The Trade Deficit in Goods and Services Came in at $49.4 Billion in February


Implications: The trade deficit shrunk unexpectedly in February to $49.4 billion.  More important, there was a rebound in the total volume of trade – imports plus exports – which signals how much businesses and consumers interact across the US border.  Exports rose by $2.3 billion, while imports grew by $0.6 billion.  Total trade is still off of the record high set in October of 2018, but expect it to hit new highs later this year as global growth starts to reaccelerate and trade deals continue to progress.  In the past year, exports are up 2.4% while imports are down 0.5%.  In the meantime, one positive implication of today's report is that net exports look like they will make a large positive contribution to real GDP in the first quarter.  As a result, we are estimating real GDP grew in the 2.0 - 2.5% range for the quarter, much better than many analysts have recently been forecasting.  Despite lamentations by the pouting pundits, the China trade battles appear largely behind us, and the worst-case-scenarios much discussed on the financial "news" over the past year have (once again) proved excessively pessimistic.  We never believed an all-out trade war would materialize, but that short-term skirmishes would lead to longer-term gains for all countries involved.  We have already seen it happen with several countries, and now China looks to be extending an olive branch, too.  Average tariffs in China were cut from 9.8% in 2017 to 7.5% in 2018. We see this as real progress, and just the start.  The US's negotiating position is strong, in no small part due to the rise of the US as an energy powerhouse.  As recently as 2005, the US was importing more than ten times the petroleum products that we were exporting.  As of February, petroleum imports are down to only 1.09 times exports and this trend should continue.  This massive shift means the US has changed power dynamics on a global scale (witness the political turmoil in Saudi Arabia and elsewhere in the Middle East).  We will continue to watch trade policy as it develops, but don't see any reason to sound alarm bells yet.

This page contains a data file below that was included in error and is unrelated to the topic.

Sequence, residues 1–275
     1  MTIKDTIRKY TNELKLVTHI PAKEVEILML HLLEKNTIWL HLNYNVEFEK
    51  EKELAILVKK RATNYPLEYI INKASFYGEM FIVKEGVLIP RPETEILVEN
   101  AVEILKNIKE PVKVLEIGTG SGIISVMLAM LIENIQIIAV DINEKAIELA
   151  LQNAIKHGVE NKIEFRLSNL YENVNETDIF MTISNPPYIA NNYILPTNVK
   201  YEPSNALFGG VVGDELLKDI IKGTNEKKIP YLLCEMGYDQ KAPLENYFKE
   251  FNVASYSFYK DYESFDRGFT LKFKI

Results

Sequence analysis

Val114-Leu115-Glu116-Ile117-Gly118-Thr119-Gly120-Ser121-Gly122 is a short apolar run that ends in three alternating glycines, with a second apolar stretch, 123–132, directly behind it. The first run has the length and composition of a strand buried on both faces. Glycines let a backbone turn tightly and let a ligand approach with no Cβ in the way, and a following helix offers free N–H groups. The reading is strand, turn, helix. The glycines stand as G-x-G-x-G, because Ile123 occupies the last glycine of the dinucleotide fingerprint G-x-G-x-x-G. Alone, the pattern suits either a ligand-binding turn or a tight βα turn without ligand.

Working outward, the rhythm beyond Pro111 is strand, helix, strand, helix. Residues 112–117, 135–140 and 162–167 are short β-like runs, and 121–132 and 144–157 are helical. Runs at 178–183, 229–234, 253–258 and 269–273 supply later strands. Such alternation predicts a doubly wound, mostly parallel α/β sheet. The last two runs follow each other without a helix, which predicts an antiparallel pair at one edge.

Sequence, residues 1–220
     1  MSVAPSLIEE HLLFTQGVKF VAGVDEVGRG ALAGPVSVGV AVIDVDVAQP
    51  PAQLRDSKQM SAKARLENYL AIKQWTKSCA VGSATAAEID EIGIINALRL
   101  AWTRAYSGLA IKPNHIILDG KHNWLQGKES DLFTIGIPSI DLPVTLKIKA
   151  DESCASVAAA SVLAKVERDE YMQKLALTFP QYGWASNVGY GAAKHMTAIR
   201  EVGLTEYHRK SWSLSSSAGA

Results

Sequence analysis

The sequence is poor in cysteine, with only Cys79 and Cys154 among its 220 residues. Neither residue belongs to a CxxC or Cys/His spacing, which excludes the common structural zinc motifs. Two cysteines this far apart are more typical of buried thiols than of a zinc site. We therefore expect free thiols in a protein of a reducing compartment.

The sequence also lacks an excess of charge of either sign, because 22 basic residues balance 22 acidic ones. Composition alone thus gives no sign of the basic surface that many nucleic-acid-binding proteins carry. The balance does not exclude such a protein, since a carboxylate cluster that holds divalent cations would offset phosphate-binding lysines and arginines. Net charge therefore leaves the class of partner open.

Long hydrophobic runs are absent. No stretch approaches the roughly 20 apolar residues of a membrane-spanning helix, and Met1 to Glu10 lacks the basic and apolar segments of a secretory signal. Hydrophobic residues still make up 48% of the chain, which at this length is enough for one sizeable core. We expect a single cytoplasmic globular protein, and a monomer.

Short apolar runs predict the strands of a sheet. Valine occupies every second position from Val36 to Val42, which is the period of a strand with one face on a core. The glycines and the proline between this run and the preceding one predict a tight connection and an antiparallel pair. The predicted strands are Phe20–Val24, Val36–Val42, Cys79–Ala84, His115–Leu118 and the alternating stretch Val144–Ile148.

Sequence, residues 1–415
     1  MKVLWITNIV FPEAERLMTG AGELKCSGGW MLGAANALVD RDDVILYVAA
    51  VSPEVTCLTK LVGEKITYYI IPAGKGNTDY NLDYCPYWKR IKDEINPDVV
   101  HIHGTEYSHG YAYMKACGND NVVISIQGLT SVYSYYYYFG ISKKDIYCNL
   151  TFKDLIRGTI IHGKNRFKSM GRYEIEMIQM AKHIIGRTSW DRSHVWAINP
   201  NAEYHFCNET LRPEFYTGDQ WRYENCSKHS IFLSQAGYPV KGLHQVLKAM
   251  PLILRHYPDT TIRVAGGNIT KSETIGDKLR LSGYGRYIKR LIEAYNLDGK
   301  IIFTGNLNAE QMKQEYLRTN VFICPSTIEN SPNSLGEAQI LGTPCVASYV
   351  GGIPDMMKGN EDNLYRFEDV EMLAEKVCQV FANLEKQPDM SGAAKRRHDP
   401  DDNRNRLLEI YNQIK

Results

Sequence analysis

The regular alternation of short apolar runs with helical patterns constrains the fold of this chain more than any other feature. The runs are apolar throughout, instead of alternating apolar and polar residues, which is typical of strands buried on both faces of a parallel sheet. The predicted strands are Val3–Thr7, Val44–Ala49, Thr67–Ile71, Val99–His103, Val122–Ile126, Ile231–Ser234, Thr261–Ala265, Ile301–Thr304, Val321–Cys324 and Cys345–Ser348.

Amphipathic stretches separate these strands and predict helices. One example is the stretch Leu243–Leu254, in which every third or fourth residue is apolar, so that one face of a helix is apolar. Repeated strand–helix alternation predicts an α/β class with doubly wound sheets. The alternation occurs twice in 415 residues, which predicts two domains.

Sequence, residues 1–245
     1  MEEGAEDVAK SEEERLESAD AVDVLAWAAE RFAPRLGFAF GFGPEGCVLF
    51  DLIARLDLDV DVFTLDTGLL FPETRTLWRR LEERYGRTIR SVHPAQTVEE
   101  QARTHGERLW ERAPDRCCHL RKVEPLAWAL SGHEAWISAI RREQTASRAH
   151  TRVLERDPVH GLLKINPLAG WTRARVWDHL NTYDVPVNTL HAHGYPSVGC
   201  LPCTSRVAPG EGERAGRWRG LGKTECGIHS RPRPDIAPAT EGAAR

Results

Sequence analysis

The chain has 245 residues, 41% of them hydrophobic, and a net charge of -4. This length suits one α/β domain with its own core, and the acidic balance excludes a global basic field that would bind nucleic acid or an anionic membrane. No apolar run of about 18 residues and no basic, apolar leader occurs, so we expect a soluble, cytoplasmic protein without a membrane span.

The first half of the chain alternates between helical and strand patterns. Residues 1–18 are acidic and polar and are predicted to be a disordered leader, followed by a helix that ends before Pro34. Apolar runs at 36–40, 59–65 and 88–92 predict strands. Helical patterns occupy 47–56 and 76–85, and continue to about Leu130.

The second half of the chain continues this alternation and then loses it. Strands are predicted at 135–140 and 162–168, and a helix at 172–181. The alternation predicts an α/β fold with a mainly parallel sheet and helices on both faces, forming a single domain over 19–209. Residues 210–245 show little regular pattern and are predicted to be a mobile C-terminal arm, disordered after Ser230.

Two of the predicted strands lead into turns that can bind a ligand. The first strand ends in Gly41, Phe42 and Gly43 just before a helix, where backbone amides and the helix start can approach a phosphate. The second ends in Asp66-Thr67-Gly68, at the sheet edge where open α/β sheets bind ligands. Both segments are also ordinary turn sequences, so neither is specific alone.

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Posted on Wednesday, April 17, 2019 @ 9:56 AM

These posts were prepared by First Trust Advisors L.P., and reflect the current opinion of the authors. They are based upon sources and data believed to be accurate and reliable. Opinions and forward looking statements expressed are subject to change without notice. This information does not constitute a solicitation or an offer to buy or sell any security.